The International Drug Trade: The Narcotics Market
If, in the course of their past history, Britain, the Netherlands and Portugal had been actively supporting the drug trade, what is preventing it from occurring today, especially with the mammoth profit yields and hard currency earnings that the illegal drug industry generates.
The economic principles guarded by the British government during the Opium Wars are still the same in modern times. Illicit drugs or narcotics are still a major commodity and an important component of international trade. Opium from Afghanistan constitutes a large portion of the world’s narcotics market, which was estimated by the U.N. to be approximately $400-500 billion.9
Narcotics are an instrument of U.S. foreign policy, which also support Western financial interests. The CIA in collaboration with other intelligence agencies, such as the Pakistani ISI working in Afghanistan, has set up covert operations which support the drug trade:
“Our conclusion remains that the first target of an effective drug strategy should be Washington itself, and specifically its own connections with corrupt, drug-linked forces in other parts of the world. We argued that Washington’s covert operations overseas had been a major factor in generating changes in the overall pattern of drug flows into the United States, and cited the Vietnam-generated heroin epidemic of the 1960s and the Afghan-generated heroin epidemic of the 1980s as analogues of the central concern of this book: the explosion of cocaine trafficking through Central America in the Reagan years, made possible by the administration’s covert operation to overthrow the Nicaraguan Sandinistas [vis-à-vis Iran-Contra].(Cocaine Politics: Drugs, Armies, and the CIA in Central America, Jonathan Marshall and Peter Dale Scott, April 1998)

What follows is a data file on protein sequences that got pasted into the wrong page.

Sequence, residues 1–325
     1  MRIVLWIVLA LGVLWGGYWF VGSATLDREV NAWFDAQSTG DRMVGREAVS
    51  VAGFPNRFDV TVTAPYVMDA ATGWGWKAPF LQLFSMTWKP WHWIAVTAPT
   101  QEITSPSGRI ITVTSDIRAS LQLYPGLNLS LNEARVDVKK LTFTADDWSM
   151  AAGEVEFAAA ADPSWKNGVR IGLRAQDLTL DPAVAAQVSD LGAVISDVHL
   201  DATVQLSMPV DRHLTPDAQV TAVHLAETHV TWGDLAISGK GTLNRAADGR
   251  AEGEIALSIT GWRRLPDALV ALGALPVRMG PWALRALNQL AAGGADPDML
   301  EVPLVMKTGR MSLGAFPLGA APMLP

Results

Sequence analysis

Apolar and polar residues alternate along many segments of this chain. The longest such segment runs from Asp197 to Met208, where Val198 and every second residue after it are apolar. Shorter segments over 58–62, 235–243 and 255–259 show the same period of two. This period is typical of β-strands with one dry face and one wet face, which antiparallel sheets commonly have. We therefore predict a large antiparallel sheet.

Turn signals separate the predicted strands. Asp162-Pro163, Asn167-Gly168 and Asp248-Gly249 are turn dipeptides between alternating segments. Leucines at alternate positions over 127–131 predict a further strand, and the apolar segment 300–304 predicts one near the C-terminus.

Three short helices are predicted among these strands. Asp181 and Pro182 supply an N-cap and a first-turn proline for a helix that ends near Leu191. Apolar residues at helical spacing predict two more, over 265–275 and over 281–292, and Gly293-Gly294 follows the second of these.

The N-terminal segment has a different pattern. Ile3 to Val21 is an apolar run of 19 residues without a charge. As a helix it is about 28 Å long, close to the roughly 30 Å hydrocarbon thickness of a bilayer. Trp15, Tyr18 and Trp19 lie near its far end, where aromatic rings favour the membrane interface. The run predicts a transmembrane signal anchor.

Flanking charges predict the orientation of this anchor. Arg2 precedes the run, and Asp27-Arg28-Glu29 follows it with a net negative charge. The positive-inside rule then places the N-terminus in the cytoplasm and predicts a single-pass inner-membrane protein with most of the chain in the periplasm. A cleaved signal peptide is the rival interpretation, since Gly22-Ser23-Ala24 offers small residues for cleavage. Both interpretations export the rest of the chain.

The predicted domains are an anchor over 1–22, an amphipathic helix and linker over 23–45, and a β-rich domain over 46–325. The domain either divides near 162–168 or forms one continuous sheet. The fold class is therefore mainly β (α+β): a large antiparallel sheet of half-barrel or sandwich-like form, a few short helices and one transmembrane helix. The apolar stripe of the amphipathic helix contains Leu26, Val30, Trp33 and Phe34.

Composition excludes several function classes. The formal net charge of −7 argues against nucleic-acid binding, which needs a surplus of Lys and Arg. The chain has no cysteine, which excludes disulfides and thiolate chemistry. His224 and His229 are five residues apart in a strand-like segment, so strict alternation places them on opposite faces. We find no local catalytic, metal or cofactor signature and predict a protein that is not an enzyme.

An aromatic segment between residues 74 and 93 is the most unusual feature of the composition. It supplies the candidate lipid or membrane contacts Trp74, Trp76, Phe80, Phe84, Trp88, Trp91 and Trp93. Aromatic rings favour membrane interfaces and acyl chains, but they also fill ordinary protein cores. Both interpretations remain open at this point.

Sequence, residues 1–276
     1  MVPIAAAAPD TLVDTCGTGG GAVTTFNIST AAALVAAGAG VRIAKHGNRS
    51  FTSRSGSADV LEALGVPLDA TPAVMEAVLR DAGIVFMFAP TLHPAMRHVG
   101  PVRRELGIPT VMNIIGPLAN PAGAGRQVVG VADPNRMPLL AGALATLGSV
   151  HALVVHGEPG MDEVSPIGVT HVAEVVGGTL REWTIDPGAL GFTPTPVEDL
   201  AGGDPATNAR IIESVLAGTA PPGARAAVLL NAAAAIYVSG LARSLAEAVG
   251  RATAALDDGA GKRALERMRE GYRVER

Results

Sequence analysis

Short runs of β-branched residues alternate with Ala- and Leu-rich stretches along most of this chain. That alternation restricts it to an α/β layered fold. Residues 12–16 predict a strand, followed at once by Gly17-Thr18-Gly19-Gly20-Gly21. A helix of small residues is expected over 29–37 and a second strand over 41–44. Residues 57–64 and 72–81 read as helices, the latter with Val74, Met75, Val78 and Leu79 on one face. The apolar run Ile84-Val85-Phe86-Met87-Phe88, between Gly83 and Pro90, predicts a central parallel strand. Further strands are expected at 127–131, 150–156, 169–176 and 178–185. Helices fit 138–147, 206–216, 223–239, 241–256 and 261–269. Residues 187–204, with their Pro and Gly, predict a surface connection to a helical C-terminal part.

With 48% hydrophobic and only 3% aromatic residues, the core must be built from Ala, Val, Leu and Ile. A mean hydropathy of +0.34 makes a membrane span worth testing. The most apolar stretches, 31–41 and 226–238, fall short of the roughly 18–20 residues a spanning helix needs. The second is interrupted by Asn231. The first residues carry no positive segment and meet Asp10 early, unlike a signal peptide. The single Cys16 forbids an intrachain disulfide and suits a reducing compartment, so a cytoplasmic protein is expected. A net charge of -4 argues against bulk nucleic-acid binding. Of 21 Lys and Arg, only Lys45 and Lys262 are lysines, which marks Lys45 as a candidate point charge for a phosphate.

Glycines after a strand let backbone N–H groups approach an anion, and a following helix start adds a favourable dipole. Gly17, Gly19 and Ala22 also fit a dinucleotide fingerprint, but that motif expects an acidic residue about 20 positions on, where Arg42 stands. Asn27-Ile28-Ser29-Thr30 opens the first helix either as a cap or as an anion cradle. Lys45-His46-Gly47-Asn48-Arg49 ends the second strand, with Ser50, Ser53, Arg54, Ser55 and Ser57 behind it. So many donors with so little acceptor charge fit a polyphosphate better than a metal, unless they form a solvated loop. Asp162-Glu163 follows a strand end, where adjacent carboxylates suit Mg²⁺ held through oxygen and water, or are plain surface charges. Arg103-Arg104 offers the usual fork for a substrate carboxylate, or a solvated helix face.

Michel Chossudovsky has also clarified the economic mechanisms behind the illicit narcotics trade:
Based on 2003 figures, drug trafficking constitutes ‘the third biggest global commodity in cash terms after oil and the arms trade.’
Afghanistan and Colombia are the largest drug producing economies in the world, which feed a flourishing criminal economy. These countries are heavily militarized. The drug trade is protected. Amply documented the CIA has played a central role in the development of both the Latin American and Asian drug triangles.
The IMF estimated global money laundering to be between 590 billion and 1.5 trillion dollars a year, representing 2-5 percent of global GDP. (Asian Banker, 15 August 2003). A large share of global money laundering as estimated by the IMF is linked to the trade in narcotics.
(Who benefits from the Afghan Opium Trade?, Global Research September 21, 2006)
The Rise of Opium under the presence of NATO in Afghanistan
In economic terms, demand is what creates supply. The supply of opium and heroin has been rising. This is happening right under NATO’s nose. NATO claims that it has been tolerating some growth of opium so as not to incite violence against NATO troops.
Afghanistan must be demilitarized. To do so does not take a standing army but the rooting out of weapons and an end to the flow of illicit narcotics. It is this outward flow of narcotics that creates an inverse, inward flow of weapons into Afghanistan.